What is this?
Isn't this just like CCS?
Sequential Art? What are you talking about?
What about manga?
Who is this for?
Who are you people?
Is this an accredited program?
Are donations tax-deductible?
Additional enrollment questions? Go here.
It is a school with a space for workshops, gallery shows and performances. Plus ideally a space for working artists to come get away for a couple of weeks to work in a peaceful environment. Also a promotional/publishing arm. See the mission statement.
Yes, a little, and maybe no. James Sturm, who founded Center for Cartoon Studies (CCS) has done a great thing in White River Junction, VT and we are in constant awe of his gumption and smarts. James has been friendly with us and he has helped us enormously by offering advice in the forming of this school. We too offer an intensive program in comic art, and will require students to publish their own work at the end of the program. Our school is new and we don't know how it will evolve. Right now, our program is one year, is not an MFA program and is much more low-fi. Our focus is on you, the artist. We work to train you to discover your best practices and habits, pushing you to develop your voice and your talents and turning you into a thriving cartoonist.
In Gainesville students can find movies, bookstores, theaters, rock shows, cheap food and housing, sunny days, bike paths, egrets, lizards, free yoga at the library, free lunches on the University of Florida campus, midnight soccer, organizations and ad hoc sub communities within communities. It's a welcoming DIY place that rewards initiative and engagement. The University (UF) has a long-standing academic comics convention/symposium which has flown in such luminaries as Eddie Campbell, Dan Clowes and Kim Deitch. There are also a large number of academic scholars at the University dedicated to study of sequential art and these people, who have done historical research and investigated the mechanisms of comics in unique ways. The town is vibrant with a lot of culture, including an art museum, a museum of natural history, an arthouse movie theater, good bookstores, great libraries, a renegade video store, an alternative avant garde film festival, and great punk-pizza place/junk and toy shop and much much more. Plus, we like sun. And sunshowers. And waterfowl and Spanish moss and sinkholes and skateboarders and artists and swimming and coffee and pizza and lizards, etc.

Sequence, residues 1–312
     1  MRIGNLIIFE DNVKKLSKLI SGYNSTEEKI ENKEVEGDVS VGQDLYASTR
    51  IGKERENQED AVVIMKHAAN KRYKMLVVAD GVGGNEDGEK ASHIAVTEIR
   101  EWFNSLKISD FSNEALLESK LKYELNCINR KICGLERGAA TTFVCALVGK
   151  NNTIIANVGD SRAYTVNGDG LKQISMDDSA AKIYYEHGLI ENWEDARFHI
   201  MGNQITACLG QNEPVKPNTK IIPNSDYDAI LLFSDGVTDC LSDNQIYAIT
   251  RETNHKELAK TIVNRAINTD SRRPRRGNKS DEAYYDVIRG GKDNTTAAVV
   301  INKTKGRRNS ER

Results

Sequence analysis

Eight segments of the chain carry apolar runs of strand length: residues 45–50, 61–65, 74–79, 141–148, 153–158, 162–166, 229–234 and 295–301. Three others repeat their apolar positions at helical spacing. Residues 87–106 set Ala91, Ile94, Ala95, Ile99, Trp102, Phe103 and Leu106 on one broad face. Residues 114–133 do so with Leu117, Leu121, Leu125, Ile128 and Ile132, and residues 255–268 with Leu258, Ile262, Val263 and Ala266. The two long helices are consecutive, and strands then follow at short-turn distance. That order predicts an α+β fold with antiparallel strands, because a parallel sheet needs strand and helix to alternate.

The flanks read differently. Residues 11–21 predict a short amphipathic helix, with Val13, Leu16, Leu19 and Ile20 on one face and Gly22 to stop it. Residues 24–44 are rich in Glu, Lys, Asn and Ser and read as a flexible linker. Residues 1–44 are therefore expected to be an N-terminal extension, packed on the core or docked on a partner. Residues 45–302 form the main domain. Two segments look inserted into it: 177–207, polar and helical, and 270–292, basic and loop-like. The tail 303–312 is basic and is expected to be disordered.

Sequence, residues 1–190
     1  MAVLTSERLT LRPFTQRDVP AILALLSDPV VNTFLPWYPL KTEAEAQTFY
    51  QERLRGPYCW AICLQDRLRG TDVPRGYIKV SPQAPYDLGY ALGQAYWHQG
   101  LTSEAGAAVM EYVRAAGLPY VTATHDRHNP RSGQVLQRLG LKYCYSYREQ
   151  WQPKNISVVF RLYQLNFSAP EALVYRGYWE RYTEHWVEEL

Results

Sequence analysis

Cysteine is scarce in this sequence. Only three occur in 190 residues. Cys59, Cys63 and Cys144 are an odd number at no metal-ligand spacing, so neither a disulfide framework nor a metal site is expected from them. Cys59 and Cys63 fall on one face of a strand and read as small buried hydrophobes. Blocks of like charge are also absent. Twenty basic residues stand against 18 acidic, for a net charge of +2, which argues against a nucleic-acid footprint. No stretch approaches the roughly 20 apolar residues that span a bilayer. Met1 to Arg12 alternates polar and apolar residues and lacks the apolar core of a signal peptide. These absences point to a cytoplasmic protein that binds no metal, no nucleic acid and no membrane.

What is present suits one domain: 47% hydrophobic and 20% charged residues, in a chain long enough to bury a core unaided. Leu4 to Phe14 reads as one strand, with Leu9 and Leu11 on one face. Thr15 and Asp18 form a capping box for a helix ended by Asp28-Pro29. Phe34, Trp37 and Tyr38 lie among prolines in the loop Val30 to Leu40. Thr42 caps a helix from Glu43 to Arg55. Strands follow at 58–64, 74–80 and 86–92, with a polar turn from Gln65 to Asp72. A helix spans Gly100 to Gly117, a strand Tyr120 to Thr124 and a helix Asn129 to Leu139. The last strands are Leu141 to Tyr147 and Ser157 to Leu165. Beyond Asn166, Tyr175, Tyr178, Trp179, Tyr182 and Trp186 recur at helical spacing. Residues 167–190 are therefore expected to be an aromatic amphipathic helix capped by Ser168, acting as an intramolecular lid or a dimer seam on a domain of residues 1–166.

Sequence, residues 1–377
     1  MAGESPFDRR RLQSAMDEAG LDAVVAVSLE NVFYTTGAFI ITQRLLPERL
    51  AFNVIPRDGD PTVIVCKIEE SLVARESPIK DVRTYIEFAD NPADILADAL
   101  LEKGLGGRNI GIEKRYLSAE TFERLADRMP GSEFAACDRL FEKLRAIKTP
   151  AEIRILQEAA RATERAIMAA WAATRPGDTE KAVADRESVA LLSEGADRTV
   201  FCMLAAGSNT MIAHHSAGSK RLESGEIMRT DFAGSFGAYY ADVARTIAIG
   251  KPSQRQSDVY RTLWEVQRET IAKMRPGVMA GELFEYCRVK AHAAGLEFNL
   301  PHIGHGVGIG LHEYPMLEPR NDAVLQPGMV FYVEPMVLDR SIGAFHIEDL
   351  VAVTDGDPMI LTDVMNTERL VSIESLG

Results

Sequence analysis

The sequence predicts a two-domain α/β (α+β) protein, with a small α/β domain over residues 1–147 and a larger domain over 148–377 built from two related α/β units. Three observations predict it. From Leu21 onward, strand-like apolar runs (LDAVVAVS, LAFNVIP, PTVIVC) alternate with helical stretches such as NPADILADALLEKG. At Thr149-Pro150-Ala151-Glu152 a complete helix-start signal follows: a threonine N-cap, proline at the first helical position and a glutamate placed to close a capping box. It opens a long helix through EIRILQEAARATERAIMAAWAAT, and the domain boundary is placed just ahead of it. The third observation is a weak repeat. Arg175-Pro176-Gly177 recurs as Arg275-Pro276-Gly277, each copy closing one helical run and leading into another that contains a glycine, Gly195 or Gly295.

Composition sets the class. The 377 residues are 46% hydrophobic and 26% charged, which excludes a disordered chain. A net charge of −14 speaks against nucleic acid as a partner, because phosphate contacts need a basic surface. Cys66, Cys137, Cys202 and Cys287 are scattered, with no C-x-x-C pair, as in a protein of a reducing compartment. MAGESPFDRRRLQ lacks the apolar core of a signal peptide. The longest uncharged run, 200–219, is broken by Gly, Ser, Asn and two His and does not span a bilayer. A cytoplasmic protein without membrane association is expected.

Click here for more about Gainesville
Sequential art, comics, comix, graphic novels, manga, bandes dessinees, fumetti, cartooning, strips, funny papers- whatever you want to call it, yes it's the same thing: words and still pictures in combination to form narrative. Following Will Eisner's lead, we like Sequential Art, which loses the humorous connotation of "comics" and the movement connotation of "cartoon" (and yes, we know the origin of the word "cartoon") and ultimately it sounds to us more like what it is.